Victor Ogunje in Ado Ekiti
The Ewi of Ado Ekiti, Oba Rufus Adeyemo Adejugbe, and the Director General of the Ekiti State Council of Arts and Culture, Mr. Wale Ojo-Lanre, have expressed fears that the Yoruba language might go into extinction if steps are not taken to promote its usefulness and values.
The monarch and the DG spoke in Ado Ekiti when the latter paid a courtesy call on Oba Adejugbe at his palace yesterday.
Adejugbe said the new heads of the agency should not betray the confidence reposed in them by the state Governor, Dr. Kayode Fayemi, or shirk in their responsibilities to rejuvenate the arts and culture sector in the state in order to contribute to economic development.
According to the monarch, “Our culture and tradition are seriously endangered, especially our language and dialect, which are our greatest identities and assets.
“Most of our children now attend private schools, where Yoruba language and Ekiti dialect are prohibited. Even at home, the parents speak English language to their children.
“Those who said Yoruba language might fade out in the next 25 years didn’t lie, because we don’t value it. The Westerners we are emulating are even protecting their own. They are even coming to learn Ifa and run its panegyric fluently.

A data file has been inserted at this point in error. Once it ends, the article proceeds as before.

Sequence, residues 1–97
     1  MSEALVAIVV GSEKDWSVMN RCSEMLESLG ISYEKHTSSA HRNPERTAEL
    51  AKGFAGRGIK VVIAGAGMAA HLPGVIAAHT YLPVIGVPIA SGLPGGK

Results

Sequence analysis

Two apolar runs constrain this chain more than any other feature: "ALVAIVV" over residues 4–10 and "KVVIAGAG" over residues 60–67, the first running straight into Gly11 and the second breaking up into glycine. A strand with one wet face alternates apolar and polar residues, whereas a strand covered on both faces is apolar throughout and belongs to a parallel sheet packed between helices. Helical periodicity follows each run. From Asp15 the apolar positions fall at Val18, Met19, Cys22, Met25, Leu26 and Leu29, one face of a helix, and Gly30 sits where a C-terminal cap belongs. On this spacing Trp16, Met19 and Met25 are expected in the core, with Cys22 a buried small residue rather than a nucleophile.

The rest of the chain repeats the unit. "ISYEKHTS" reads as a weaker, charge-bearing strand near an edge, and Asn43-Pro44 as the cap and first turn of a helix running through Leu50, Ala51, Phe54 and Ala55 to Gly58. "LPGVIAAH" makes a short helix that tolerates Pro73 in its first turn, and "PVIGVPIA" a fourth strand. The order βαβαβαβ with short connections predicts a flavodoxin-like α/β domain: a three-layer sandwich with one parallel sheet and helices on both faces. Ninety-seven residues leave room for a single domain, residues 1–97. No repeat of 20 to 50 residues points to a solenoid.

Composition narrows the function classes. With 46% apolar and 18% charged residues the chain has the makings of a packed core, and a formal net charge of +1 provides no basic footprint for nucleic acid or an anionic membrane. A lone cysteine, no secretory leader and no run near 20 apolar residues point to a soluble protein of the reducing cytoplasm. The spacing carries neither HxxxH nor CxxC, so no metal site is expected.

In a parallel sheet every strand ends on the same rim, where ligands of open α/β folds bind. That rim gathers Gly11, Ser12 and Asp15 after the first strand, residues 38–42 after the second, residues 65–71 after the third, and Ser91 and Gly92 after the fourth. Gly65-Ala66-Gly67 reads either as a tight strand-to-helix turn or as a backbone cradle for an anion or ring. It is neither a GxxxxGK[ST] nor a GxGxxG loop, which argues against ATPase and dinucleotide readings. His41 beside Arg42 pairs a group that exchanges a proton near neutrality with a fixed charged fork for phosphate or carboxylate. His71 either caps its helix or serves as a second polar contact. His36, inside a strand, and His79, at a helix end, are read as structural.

“Losing our values had made us suffered in so many ways. In the olden days, only one person would conquer Boko Haram and other killers in the country, painfully, this is how far we have gone to lose our cultural and traditional potential.”
Ojo-Lanre, who also raised the alarm, stated that there was need for concerted effort to rescue Yoruba language and other traditional mementoes that could have added to the economic and societal values from being exterminated by modernity.
He said: “Our vision is to add the arts and culture among the sectors that will shore up development of this state.
“Our proposition is to partner all the monarchs in all the 133 towns in the state to promote all our festivals and societal values as well as generate revenue.”
The DG added that Ado Ekiti metropolis occupies a pivotal position in the history of Yoruba nation, which he said should be protected and launched to a global pedestal.
“Anything that has to do with arts and culture must be promoted. Our Yoruba language and Ekiti dialect are gradually fading out, as they are being abandoned.
“Some English researchers did a research in Peckam in London few years ago and discovered that Yoruba language may go into extinction in 15 years’ time.
“We must preserve our heritage for our children; we must not let our festivals like Ogun, Ifa, Egungun, Ija, and our general ways of life from dying. They must be protected,” he stated.